The New Face of Cancer

The New Face of Cancer An unusual institute is applying the newest concepts in life sciences—stem cell therapies, personalized medicine—to one of the oldest diseases. By Kelly Rae Chi The Ontario Institute for Cancer Research (OICR) does not take a typical approach to the disease. Many cancer researchers toil away individually, only sharing their results after peer review. But for cancer researchers to receive some of the roughly $39 million the

Kelly Rae Chi
Jan 13, 2010

The New Face of Cancer

An unusual institute is applying the newest concepts in life sciences—stem cell therapies, personalized medicine—to one of the oldest diseases.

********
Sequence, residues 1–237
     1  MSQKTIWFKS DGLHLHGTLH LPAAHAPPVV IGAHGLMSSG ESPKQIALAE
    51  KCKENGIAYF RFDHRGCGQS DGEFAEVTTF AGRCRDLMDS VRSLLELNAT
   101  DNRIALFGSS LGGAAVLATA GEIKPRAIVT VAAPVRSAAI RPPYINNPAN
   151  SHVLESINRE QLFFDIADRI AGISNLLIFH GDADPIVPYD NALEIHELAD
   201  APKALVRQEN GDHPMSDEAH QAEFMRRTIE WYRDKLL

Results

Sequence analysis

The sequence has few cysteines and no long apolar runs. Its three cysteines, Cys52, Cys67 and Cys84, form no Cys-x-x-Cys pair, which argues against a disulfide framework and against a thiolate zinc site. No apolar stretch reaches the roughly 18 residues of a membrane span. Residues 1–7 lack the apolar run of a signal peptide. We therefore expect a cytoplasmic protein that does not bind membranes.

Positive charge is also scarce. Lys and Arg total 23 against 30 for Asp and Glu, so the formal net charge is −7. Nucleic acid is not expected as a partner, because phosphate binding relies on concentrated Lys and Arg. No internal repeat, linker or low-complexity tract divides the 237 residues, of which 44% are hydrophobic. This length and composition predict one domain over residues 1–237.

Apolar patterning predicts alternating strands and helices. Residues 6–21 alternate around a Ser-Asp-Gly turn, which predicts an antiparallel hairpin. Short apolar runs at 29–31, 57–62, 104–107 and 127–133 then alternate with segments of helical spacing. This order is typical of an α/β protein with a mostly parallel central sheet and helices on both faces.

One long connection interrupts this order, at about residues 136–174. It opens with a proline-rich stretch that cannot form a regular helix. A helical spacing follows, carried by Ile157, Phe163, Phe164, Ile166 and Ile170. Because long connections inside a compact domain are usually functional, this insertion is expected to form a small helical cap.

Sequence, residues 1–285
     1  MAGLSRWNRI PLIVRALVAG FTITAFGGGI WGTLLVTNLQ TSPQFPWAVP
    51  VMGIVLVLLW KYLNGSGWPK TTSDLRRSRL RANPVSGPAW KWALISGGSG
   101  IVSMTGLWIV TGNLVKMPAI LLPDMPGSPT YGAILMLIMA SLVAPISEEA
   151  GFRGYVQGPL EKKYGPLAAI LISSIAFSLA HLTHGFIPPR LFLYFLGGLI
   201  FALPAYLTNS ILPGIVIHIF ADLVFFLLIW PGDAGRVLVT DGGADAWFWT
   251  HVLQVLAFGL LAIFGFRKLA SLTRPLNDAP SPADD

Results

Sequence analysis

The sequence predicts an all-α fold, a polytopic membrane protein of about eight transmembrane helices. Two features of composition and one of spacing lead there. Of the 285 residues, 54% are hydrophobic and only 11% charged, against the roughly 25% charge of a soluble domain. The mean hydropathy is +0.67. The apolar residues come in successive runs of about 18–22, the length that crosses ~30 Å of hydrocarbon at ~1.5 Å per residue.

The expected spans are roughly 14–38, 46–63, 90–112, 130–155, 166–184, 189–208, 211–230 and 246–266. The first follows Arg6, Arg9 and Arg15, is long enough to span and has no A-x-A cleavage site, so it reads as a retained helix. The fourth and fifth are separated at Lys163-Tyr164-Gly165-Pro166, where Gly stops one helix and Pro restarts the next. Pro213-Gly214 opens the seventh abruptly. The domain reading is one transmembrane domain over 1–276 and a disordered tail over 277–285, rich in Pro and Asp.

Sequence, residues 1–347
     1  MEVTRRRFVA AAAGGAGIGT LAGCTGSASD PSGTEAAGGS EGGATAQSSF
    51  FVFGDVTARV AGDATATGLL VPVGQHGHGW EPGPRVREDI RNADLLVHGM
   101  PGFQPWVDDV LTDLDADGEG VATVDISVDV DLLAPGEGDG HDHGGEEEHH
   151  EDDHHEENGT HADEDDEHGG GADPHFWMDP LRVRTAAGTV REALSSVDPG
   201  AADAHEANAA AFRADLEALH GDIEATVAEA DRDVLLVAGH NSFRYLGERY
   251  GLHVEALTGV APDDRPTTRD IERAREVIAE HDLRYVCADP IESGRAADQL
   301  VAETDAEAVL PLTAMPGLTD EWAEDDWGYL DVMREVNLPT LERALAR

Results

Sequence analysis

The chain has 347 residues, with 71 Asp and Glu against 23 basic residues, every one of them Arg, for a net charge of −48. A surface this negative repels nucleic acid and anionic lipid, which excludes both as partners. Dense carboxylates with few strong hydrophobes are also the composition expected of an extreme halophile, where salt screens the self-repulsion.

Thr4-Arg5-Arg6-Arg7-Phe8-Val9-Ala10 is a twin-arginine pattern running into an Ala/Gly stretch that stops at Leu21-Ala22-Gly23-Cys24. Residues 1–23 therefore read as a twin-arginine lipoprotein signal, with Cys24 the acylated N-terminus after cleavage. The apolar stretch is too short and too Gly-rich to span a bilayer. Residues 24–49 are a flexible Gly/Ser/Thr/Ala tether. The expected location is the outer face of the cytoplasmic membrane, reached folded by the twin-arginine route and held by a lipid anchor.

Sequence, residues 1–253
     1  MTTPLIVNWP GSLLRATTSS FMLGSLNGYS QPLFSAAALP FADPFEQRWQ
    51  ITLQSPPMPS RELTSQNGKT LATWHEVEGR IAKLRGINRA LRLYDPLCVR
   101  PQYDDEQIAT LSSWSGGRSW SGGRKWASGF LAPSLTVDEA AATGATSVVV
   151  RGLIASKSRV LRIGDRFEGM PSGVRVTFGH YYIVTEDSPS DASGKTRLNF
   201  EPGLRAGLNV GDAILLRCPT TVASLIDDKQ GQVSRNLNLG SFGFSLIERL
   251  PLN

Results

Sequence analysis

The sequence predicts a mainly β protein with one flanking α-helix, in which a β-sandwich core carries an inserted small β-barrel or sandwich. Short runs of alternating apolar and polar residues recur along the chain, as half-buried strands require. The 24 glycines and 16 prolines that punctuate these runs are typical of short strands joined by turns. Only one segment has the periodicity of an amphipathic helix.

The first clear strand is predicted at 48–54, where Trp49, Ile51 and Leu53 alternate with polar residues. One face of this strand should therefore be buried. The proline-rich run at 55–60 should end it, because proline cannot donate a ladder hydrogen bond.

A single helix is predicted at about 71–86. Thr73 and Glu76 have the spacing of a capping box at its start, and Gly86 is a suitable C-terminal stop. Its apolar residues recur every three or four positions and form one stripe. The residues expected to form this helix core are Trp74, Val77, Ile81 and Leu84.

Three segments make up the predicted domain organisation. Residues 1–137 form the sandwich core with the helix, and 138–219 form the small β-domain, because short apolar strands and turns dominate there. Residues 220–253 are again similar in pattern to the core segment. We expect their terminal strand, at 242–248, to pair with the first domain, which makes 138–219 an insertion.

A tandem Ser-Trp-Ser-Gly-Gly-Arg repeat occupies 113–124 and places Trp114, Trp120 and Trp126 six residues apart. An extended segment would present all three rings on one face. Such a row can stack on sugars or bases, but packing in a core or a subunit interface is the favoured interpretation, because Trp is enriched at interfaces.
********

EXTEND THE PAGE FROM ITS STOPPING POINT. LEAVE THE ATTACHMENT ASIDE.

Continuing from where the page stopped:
The Ontario Institute for Cancer Research (OICR) does not take a typical approach to the disease. Many cancer researchers toil away individually, only sharing their results after peer review. But for cancer researchers to receive some of the roughly $39 million the institute distributes every year, they must meet regularly with OICR program leaders to share preliminary data. They also must present their unpublished data in a closed meeting of about 300 scientists and trainees. That yearly meeting is conducted to spur new interactions and collaborations.

Nor does the OICR ask the typical questions about cancer. As one of its first projects when it was formed in 2005, the OICR began to search for secrets about the ever-elusive cancer stem cells and their role in...